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Are you working like a dog? When I was a little kid, I thought that sounded like a pretty good deal to me. The dogs I knew of then spent their time snuffling in the grass or sitting atop a doghouse chasing the Red Baron. Honestly, the part in “A Hard Day’s Night” where the Beatles complained about working like a dog made less sense to my eight-year-old mind than the lyrics to “I Am the Walrus” or “Lucy in the Sky with Diamonds”.

Look, here’s a photo of my family’s dog, Missy. We adopted her from a shelter shortly after my daughter was born — it was my wife’s idea, one that I reluctantly went along with, despite my misgivings about adding yet another drooly, demanding creature to our household. Missy just turned 12 years old this week, which is pretty old for a German shepherd, so what you see here is pretty much how she spends ninety percent of her time now. (The rest: three percent eating, six percent pooping, one percent defending our home from either imaginary intruders, or me before I get close enough for her to recognize.). If we had a quick brown fox, it would be exhausted by the constant jumping.

Still, in her youth, Missy was naturally much more vigorous. Part of it was the physical need to burn off her energy. An hour or so of chasing balls or sticks during the day was never enough, and so — “surprisingly” — I somehow ended up being the one who took her out every night for her walk, a mile or more, rain, snow, or heat. Sure, I groused about it, but at the same time it’s hard to keep from bonding with something so unabashedly devoted when you spend that much time with her.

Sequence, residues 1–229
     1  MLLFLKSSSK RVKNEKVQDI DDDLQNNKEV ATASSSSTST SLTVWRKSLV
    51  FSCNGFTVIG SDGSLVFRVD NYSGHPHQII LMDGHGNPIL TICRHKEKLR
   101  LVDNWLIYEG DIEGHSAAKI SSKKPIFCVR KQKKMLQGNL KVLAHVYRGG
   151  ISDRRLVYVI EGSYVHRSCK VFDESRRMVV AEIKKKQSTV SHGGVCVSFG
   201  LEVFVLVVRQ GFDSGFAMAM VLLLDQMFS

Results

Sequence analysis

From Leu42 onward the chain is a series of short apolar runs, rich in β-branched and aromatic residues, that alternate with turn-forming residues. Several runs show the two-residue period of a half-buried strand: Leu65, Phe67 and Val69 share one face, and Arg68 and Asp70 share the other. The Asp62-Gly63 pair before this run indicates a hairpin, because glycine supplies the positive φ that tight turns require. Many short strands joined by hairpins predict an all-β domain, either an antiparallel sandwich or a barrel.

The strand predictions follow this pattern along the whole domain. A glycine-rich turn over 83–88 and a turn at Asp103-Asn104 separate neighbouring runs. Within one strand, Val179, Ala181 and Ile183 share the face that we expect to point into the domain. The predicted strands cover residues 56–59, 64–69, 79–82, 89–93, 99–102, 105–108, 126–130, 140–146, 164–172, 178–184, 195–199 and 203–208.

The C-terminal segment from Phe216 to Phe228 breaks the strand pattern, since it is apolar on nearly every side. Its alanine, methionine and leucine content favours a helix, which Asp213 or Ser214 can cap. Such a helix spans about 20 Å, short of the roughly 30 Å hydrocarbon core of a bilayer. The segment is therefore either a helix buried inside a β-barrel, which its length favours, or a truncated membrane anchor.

In any case, it wasn’t just Missy’s body that craved activity; it was her tiny little dog mind as well. A shepherd is pretty intelligent, for a dog, which I know is like saying, “He’s pretty sexy, for a tax attorney,” but everything is relative.  Even with her constant, interminable evening walks, Missy would grow restless if she didn’t have a job to do.  Fortunately for her, and for us, a German shepherd’s favorite job is watching over other creatures, and we had thoughtfully provided her with two toddlers to safeguard.  The family would head out to a nearby park for a ramble, and Missy would attentively circle the children (and the parents), trying to herd us together and physically putting herself between the little ones and any strangers who jogged or strolled past. 

One of our most joyous memories is of a snow day when we all headed out to a grassy field and I plopped the kids (two and four years old at the time) into a blue plastic toboggan, which I then tied to Missy in the hope that she might drag them a few feet.  Instead, she took off like a shot, racing like she was in the Iditarod, the kids giggling and bouncing behind her and me unable to keep up.  And then, a hundred and fifty yards later, and safely short of the nearest road, she eased to a stop, and looked back at me as if to say, “‘S okay. I’ve got them.”  Everyone slept really well that night.

So, maybe dogs aren’t that bright, but they aren’t stupid.  They know that there are things they are good at — guarding or chasing or racing or tracking — and that if they don’t do those things, if they don’t satisfy those primal talents, then they become anxious and gloomy.  And they may overdo it sometimes: Missy would chase balls thrown by the kids until she started to limp, but at night her peaceful slumber would be due just as much to heartfelt satisfaction as to physical exhaustion — and she would usually take it down a notch the next day. 

It’s a little hard for us now to watch Missy approaching the Big Hard Day’s Night — her body and mind gradually giving out — and we try to show her all the love and appreciation we can.  If she wants to sleep all day and bark at me when I come home at night, then bless her; she’s done her job so well, for so long, that she certainly deserves to take it easy now.  I only hope I can be as deserving when my song nears its end.  Who wouldn’t want to work like a dog?